Alip ensured that the Delta Merlin’s first bond coupon would be paid this September. “A US$ 12.9 million fund is already available in the interest reserve account, and payment will take place according to the specified date,” he said.
To overcome its internal problems, Delta Dunia has taken several efficiency measures, such as reducing production capacity and overtime for workers. Alip believed Delta Dunia conditions do not correlate with Delta Merlin’s bond.
However, Fitch stated that Delta Dunia’s default status would complicate Delta Merlin's efforts to find new loans to cover its debts. If the company has other liabilities outside its dollar bond worth more than US$ 10 million, then that could trigger a default clause on its debt securities.
Textile Exports to the US
The government saw potential amid the trade war escalation. Trade Minister Enggartiasto Lukita targets textile exports to the US to increase by 20 percent this year. “So, we see a chance by taking market share from China,” he said last week at the Parliament Building in Jakarta.
Based on the Statistics Indonesia (BPS) data, the garment is one of the leading products of Indonesia's non-oil and gas exports. In the following Databoks chart, the US is the largest destination country for convection exports, followed by Japan and Germany.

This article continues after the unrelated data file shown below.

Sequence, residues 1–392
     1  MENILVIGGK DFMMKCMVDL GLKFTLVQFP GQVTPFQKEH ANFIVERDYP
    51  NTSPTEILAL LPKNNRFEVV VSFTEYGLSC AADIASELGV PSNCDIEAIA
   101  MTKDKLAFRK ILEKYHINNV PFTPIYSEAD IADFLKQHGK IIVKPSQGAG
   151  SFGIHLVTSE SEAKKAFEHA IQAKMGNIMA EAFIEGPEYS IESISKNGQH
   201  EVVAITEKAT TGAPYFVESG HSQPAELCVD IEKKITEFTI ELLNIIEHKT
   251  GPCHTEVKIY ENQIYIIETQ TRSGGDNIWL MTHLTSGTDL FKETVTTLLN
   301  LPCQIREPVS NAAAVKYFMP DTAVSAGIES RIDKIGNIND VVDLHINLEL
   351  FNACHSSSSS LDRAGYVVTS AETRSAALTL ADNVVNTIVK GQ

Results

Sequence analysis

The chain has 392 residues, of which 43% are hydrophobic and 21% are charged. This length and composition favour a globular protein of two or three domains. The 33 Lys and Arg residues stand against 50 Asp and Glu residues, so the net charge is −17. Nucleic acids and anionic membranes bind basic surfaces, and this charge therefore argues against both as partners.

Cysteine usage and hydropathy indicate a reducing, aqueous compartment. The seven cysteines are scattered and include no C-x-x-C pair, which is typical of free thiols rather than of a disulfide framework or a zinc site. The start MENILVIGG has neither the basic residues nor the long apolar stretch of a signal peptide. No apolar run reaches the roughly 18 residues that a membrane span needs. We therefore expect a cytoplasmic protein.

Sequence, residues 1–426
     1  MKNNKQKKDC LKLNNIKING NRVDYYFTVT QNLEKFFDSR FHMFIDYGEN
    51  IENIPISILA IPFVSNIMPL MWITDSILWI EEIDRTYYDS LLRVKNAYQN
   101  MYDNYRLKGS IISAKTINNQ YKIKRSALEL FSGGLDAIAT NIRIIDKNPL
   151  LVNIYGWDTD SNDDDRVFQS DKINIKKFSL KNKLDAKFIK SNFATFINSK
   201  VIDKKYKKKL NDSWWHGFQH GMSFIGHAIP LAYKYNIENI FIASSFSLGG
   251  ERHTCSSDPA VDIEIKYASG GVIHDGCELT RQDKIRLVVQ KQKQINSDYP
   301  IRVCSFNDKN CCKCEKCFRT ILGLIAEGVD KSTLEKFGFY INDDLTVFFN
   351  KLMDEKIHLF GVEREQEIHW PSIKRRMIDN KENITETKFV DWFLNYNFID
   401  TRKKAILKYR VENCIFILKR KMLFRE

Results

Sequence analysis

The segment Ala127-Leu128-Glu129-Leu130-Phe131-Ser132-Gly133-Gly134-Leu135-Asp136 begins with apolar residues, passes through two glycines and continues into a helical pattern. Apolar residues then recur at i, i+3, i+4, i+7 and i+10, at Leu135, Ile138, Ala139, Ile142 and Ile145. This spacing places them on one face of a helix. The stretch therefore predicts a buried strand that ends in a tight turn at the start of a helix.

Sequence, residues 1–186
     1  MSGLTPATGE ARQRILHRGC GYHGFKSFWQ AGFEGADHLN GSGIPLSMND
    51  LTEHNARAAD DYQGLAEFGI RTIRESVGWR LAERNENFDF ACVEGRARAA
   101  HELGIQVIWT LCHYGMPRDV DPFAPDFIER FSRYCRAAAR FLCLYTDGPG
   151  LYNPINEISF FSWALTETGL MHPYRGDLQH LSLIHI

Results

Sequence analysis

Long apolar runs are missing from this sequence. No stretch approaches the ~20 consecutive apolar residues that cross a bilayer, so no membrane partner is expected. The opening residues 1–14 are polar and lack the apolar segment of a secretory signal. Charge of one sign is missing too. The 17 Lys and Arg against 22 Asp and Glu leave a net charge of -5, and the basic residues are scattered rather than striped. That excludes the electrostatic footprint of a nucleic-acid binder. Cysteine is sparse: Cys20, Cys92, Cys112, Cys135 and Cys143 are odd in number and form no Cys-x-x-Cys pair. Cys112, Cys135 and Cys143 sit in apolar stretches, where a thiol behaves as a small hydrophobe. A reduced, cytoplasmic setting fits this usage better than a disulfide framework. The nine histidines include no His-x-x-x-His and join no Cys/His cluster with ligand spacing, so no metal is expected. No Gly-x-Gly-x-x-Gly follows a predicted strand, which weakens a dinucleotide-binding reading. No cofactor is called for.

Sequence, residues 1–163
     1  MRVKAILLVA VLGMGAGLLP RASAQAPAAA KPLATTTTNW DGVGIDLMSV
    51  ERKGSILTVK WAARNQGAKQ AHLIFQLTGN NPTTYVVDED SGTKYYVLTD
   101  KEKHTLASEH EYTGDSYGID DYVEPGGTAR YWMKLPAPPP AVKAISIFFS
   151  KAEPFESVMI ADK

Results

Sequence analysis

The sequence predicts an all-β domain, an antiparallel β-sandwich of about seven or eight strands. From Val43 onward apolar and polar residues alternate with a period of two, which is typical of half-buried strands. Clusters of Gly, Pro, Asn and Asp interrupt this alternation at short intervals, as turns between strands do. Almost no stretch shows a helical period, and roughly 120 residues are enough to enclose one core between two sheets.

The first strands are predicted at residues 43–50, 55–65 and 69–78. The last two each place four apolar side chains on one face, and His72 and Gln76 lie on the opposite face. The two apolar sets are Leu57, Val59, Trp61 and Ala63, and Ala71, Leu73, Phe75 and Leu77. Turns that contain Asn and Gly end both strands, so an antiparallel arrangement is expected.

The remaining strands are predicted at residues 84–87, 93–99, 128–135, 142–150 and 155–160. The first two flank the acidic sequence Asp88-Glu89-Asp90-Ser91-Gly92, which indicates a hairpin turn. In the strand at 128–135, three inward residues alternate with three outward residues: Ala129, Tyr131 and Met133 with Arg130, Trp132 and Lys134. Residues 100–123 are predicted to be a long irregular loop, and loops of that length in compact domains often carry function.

PT Sri Rejeki Isman Tbk (Sritex) also saw the potential. “The trade war is an opportunity for Indonesia, especially in the garment,” Sritex Deputy Director Iwan Kurniawan Lukminto told Katadata.co.id.
The company, which started its business in Klewer Market in Solo, Central Java, noted a 3.2 fold increase in sales to the US and Latin America in the first half of 2019. The value reached 13.6 percent of total exports, which reached US$ 51.35 million from US$ 15.98 million in the previous year.
Textile and garment products grew the highest in the second quarter of this year. The company, which supplies clothes for well-known brands such as Uniqlo and Zara, also noted that yarn sales were the most dominant with a contribution of 40.1 percent to total sales in the last semester.
Iwan said Indonesia has immense potential in terms of its manufacturing capacity. To compete with other countries, however, it is necessary for the state to play a role in increasing export competitiveness. “Policy-wise, there are some that can be integrated among ministries so that it can pave the way for entrepreneurs in the field of textiles and textile products [TPT],” he said.
The Indonesian Textile Association (API) Chairman Ade Sudrajat has seen signs of the trade war impact on Indonesia’s textile industry since last year. “Once the war broke out, Chinese products flooded immediately,” he said.
In this era of protectionism, he said the government must protect the domestic market from the invasion of foreign products. Moreover, the Chinese currency is also weakening, which will make its products cheaper and easily accessible to the market.
The protection can be in the form of tariff imposition. Ade proposed a 2.5 percent tariff coupled up with import duty for the upstream industry. Meanwhile, the downstream sector can be subject to a tariff of up to 18 percent.